Writing this morning’s blog post about optimism and belief got me thinking about this: What parts of this team do you believe in right now? The Yankees have shown how good they can be, and they’ve shown how flawed they ultimately are. It’s not a perfect team — none of them are — so here are 10 things you either believe or don’t. Go!
Derek Jeter as batting title contender
Remember when the Yankees captain was finished? It really wasn’t very long ago, right in the middle of last season as he was stumbling toward 3,000 career hits. He didn’t seem to be the same any more, and a bad year — at his age — suggested he was finished as an elite player. But now he’s hitting .324, just a few points behind Mike Trout and Miguel Cabrera for the American League lead in batting average. He was awfully good in Baltimore. Can he lead the league in batting average for the first time?
Mark Teixeira as a down-the-stretch contributor
Fourty-eight hours ago, Teixeira seemed healthy enough to step right back into the middle of the Yankees lineup. Now he’s going for another MRI. The Yankees believe he’ll be back this season, but Joe Girardi has acknowledged wondering whether his first baseman might actually be lost for the season. Even if he does come back, will it be an Alex Rodriguez situation like last year? In the lineup, but not producing? Especially against lefties, this lineup looks pretty thin without Teixeira.
Andy Pettitte as a division series starter
Hard to doubt him, right? Under almost any other circumstances, Pettitte has earned the Yankees blind faith in his ability to take the ball in the postseason and deliver a strong start. But he’s made only a handful of big league starts in the past two-plus seasons. He missed most of the second half in 2010, all of 2011 and he’s made only nine starts this year. What do you need to see from Pettitte, and how soon do you need to see it, to trust him with a Game 7?
CC Sabathia as the ace of the pitching staff
By name, title and contract, Sabathia is still the Yankees No. 1 starter, and assuming the Yankees hold onto this division lead, he’ll almost certainly start the first game of the division series. But after two stints on the disabled list, three disappointing starts in a row and an unexplained dip in fastball velocity, do you still believe in him as the go-to start on this staff?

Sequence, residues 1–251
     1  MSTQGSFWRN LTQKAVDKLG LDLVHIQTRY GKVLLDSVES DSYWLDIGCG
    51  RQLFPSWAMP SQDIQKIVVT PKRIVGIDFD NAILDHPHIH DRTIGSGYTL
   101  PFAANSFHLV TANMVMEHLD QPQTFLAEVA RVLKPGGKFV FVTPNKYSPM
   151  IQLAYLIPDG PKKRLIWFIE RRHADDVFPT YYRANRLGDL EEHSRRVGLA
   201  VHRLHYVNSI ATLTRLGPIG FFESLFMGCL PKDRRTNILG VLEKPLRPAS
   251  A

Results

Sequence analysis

Russell Martin as an everyday catcher
The strengths and weaknesses are obvious, and you know he’s going to be a Yankees regular the rest of the season, but has Martin’s recent offensive surge provided any additional confidence in his ability to be productive? If not, is his ability behind the plate — blocking balls, throwing to second, calling pitches — enough to deserve so much playing time? If not, do you have an alternative in mind?
Phil Hughes as a No. 3 starter
Expectations for Hughes have been sky high ever since he was compared to Roger Clemens as a minor leaguer. He clearly hasn’t emerged as an ace, but since the middle of May he’s pitched to a 3.62 ERA and been a pretty good No.3 starter for the Yankees. Hughes and Hiroki Kuroda are the only Yankees starters to have been in the rotation all year, and if the playoffs started tomorrow, I have to think Hughes would pitch Game 3. Would you be comfortable with that?
Nick Swisher as a productive hitter in Boston
Not so long ago, he was red hot. Now he can’t buy a hit, and even when he hits one over the fence — like he did in Baltimore a few days ago — it gets robbed. Swisher is stone cold these days, which is surprising considering how good he had been since moving into the No. 2 spot in the order. Does the fact he was hitting just a few weeks ago make you think he’ll be able to hit again after a day off?
Put these in order from most to least confident in ability to hit in a big spot…
Chris Dickerson, Raul Ibanez, Andruw Jones, Casey McGehee, Eduardo Nunez, Steve Pearce
Put these in order from most to least confident in ability to get out of late-inning jam…
Joba Chamberlain, Cody Eppley, Derek Lowe, David Phelps, Cory Wade
The Yankees as the best team in the American League East
This is the big one, isn’t it? Given the new wild card play-in game, a division title has gained importance, and the Yankees are clinging to a one-game lead coming down the stretch. They haven’t been in second place since the middle of June, and it’s clearly their division to win or lose. Jeter likes to say that the Yankees don’t have to worry about anyone else. Win their games and they’ll be fine. Have we been watching the AL East champions?
Associated Press photo